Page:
Expressing anger inappropriately can be harmful to relationships, both personal and professional. You may express too much anger, too often, or at times that are only going to make things worse, not better. In this article we will look at anger management techniques that will help you better control your emotions.

Let’s take a deeper look at how to deal with anger.

Expressing Anger

Anger is a natural and normal part of almost any relationship. This includes relationships with your significant other, kids, boss, friends, family, etc. Anger provides us with valuable information if we are willing to listen to it. It clues us in to areas where we disagree with others and things that need to be changed or altered.

Unhealthy Ways to Express Anger

Here are some common yet unhealthy ways to express anger that you should avoid:

Being Passive-Aggressive

This is a term many of us are familiar with. Passive-aggressive behavior happens when someone is angry but uses indirect communication to express their anger.

Some of the more common passive-aggressive behaviors include the silent treatment, making comments about someone behind their back, being grumpy, moody, or pouting, or simply not doing tasks or assignments that they should.

This is a passive-aggressive person’s way of showing their anger. It’s not very productive but extremely common.

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Poorly-Timed

Some people get overwhelmed and express anger in a situation where it can’t really do any good.

An example would be getting angry at one person in front of a crowd of people. All that does is make people uncomfortable and shuts them down. It’s not a healthy way to express anger or disagreement with someone.

Ongoing Anger

Being angry all the time is most often a symptom of something else. It’s healthy and normal to express anger when you disagree with someone. However, if someone is angry most of the time and always seems to be expressing their anger to everyone around them, this won’t serve them well.

Over time, people will start to avoid this person and have as little contact as possible. The reason being is no one likes being around someone who is angry all the time; it’s a no-win situation.

Healthy Ways to Express Anger

What about the healthy ways[1] to adapt? When learning how to deal with anger, here are some healthy ways to get you started.

Being Honest

Express your anger or disagreement honestly. Be truthful about what it is that is making you angry. Sometimes this will entail walking away and thinking about it for a bit before you respond.

Don’t say you’re mad at something someone did or said when it’s really something else that upset you.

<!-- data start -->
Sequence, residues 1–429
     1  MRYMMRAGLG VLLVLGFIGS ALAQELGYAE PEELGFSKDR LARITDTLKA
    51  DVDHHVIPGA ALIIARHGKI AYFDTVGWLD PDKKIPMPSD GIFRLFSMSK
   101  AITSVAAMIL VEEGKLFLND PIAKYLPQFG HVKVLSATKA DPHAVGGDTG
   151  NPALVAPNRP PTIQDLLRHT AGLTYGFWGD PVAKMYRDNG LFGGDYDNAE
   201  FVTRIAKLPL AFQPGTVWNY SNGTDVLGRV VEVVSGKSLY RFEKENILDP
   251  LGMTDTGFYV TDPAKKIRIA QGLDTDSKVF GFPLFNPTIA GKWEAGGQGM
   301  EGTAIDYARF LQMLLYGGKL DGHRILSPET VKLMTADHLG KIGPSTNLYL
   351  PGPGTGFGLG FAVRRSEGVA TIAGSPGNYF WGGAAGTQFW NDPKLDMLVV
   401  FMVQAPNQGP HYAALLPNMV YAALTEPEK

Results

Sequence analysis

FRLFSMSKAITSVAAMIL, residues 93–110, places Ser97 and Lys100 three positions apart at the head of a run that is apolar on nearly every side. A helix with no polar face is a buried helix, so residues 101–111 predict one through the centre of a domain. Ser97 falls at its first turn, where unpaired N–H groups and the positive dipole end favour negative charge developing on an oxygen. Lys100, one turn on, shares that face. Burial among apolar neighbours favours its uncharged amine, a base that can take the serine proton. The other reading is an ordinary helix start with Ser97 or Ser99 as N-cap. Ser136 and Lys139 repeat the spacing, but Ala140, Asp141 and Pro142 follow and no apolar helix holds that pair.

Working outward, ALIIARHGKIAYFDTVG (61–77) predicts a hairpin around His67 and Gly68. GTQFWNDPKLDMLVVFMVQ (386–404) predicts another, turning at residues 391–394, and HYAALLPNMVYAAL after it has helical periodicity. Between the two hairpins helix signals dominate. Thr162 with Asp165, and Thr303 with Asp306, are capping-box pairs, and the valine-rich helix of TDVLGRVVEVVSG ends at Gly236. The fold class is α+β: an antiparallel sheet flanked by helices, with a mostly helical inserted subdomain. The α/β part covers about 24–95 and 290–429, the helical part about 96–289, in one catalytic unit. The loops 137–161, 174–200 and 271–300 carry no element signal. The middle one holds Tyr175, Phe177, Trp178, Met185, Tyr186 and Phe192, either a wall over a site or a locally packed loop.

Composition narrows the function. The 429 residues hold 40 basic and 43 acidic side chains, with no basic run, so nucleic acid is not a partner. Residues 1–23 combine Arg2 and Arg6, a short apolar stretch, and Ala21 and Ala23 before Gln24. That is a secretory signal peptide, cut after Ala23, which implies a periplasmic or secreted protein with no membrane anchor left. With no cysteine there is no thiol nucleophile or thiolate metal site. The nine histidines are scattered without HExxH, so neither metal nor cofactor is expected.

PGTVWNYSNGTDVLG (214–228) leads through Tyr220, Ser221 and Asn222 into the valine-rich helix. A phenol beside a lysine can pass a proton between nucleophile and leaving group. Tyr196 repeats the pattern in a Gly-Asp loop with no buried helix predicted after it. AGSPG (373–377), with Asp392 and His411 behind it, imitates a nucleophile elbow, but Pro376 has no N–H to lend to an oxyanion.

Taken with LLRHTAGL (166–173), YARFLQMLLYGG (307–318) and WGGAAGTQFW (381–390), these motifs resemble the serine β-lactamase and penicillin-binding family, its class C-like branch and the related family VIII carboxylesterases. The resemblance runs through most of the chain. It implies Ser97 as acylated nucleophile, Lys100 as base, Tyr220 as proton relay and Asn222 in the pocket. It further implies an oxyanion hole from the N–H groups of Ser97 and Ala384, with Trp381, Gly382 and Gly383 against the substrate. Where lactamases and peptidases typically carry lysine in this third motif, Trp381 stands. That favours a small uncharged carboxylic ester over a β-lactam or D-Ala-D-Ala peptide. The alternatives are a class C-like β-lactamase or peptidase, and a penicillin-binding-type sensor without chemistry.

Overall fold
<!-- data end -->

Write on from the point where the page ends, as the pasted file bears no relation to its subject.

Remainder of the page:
Being Direct

Similar to being honest, being direct is a healthy way to express anger.

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Don’t talk around something that is making you angry. Don’t say that one thing is making you angry when it’s really something else, and don’t stack items on top of each other so you can unload on someone about 10 different things 6 months from now.

Be direct and upfront about what is making you angry. Ensure you are expressing your anger to the person who upset you or you are angry at, not to someone else. This is very counterproductive.

Being Timely

When something makes you angry, it’s much better to express it in a timely manner. Don’t keep it bottled up inside of you, as that’s only going to do more harm than good.

Think of the marriages that seem to go up in flames out of nowhere when the reality is someone kept quiet for years until they hit their breaking point.

Expressing anger as it occurs is a much healthier way of using anger to help us guide our relationships in the moment.

How to Deal With Anger

If you feel angry, how should you deal with it right at that moment?

1. Slow Down

From time to time, I receive an email at work that makes me so angry that steam is probably pouring out of my ears.

In my less restrained moments, I have been known to fire off a quick response, and that typically has ended about as well as you might imagine.

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When I actually walk away from my computer and go do something else for a while, I am able to calm down and think more rationally. After that happens, I am able to respond in a more appropriate and productive manner. Doing things that helps you learn how to release anger can make an uncomfortable situation more manageable before it gets out of hand.